British entertainment meets swabian precision workmanship.
On auction day the Mercedes-Benz Museum is treated to another one-off in the form of Malcolm Barber, Vice-President of Bonhams. This auctioneer with a high entertainment value is an absolute expert at conducting the auction in a charming but business-like manner. The auction is transmitted live on the internet, and bidders from all over the world use the telephone and internet to place their bids with the distinguished Bonhams staff. Again and again Barber directly addresses the foreign bidders, who are able to follow the proceedings on a camera at the end of the room. With great talent and skill, Barber manages to navigate the public through the fast-moving bidding phases.
The bids follow each other particularly rapidly when lot number 10 is driven into the room. The Benz Ideal 7 HP Vis-à-Vis with a two-cylinder‚ horizontally opposed engine dating from 1901 attracts a flurry of bids, and in the end it is sold at well over the estimated price for € 471,500 all-in.
Bidding for a good purpose.
Although this is the first auction to be held by the Mercedes-Benz Museum, record prices are achieved. The 1976 Mercedes-Benz Unimog 406 4×4 Utility with crewcab finds a new owner in southern France for an unexpected € 82,800 – a result that draws admiring applause from the spectators. The Mercedes-Benz 500 K/540 K Special Roadster, the proceeds from which are being donated to the Swedish cancer and Alzheimers research organisation, goes to an unknown buyer for an amazing € 3,105,000. This high figure is in no small measure due to the active encouragement by Barber, who even allows the bidders to continue bidding in smaller increments as a further motivation.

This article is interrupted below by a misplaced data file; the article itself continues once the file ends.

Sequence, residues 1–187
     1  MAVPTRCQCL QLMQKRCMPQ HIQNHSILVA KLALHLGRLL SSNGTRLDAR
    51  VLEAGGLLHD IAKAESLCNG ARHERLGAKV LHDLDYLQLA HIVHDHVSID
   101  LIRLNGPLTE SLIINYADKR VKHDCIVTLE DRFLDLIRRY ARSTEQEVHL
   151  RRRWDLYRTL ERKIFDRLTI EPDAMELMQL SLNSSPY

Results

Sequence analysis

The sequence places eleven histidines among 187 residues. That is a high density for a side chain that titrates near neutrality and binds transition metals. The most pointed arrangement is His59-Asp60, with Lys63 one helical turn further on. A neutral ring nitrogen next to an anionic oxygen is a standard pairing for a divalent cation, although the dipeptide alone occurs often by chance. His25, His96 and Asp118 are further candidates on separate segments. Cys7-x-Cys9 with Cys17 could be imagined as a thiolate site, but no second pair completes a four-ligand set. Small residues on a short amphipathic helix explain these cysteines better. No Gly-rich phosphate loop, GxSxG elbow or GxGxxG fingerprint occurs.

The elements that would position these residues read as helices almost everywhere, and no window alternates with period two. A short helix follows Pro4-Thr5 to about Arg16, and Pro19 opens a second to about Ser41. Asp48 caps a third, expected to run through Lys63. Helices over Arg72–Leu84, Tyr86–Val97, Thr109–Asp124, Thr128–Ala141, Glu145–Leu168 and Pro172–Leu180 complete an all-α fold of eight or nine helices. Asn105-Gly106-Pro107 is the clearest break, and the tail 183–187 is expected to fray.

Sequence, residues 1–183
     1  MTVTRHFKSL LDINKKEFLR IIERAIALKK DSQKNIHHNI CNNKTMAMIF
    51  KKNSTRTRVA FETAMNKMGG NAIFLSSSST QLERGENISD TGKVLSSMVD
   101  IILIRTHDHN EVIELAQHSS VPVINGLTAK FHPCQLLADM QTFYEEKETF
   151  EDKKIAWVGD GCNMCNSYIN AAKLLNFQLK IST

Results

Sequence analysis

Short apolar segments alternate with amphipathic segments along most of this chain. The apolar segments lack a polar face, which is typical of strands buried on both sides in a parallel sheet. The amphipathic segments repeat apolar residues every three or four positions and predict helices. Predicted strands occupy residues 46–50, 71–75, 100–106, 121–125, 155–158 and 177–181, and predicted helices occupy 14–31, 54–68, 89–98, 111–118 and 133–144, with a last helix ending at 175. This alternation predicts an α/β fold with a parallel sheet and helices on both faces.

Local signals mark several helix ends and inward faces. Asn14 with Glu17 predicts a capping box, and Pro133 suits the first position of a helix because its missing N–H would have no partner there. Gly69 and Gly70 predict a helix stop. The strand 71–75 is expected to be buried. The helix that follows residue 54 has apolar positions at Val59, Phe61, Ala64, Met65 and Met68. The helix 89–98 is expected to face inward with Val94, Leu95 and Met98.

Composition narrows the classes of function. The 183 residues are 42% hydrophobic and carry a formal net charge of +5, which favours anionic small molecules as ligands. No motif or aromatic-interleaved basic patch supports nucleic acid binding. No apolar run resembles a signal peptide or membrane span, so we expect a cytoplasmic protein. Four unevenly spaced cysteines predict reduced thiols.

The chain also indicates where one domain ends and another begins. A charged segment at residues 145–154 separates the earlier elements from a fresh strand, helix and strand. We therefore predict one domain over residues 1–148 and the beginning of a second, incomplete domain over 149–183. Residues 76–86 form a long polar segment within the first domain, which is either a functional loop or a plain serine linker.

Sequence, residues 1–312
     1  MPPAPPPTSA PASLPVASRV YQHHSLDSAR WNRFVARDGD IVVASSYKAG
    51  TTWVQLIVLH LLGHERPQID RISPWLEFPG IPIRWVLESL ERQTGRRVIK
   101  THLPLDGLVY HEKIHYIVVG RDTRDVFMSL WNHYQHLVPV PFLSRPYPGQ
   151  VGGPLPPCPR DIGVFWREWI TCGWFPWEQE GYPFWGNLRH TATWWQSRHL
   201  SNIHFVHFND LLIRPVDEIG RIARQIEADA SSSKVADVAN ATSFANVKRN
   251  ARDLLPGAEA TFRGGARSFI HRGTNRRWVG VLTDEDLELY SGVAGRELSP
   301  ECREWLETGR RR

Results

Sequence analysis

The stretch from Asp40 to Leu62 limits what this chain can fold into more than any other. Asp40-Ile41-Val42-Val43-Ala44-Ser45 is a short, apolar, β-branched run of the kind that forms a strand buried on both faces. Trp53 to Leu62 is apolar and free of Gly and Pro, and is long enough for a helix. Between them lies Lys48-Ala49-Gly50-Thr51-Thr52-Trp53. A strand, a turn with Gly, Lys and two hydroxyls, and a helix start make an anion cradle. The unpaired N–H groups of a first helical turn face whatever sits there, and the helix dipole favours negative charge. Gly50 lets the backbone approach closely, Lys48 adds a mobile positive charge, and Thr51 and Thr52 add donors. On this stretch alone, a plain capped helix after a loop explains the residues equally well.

The great exception.
A rapid bidding contest also broke loose for the DTM C-Class of Mika Häkkinen. A bidding duel between two interested parties in the room and one on the internet very soon raised the bidding to € 460,000.
The contest ended with a American DTM collector as the winner, who was also rewarded with admiring looks from all the spectators.
The first but not the last time.
The auctioneer’s gavel fell for the last time at 6:00 p.m. Not all the models reached their price estimate. The replica of the legendary “Red Sow”, which became class winner in the 24-hour race in Spa-Francorchamps in 1971, remained unsold despite a bid of € 140,000. The same fate befell the 560 SL, a gift from Sean Penn to Madonna dating from 1987, in which she was photographed with Michael Jackson and others.
Nonetheless a very successful day has come to a close. Michael Bock is more than satisfied with the results of this first auction together with the British auction house Bonhams: “Visitor numbers exceeded our expectations, and there was a great atmosphere in the room!”
It was the 1970 280 SE Coupé that found most favour with Bock on the day, but even though he did not join the bidding himself, his conclusions are completely positive. Which means that in 2015 the auctioneer's gavel will once again be heard in the precincts of the Mercedes-Benz Museum, together with: 'Hold on … Last chance … It´s your car, sir!'.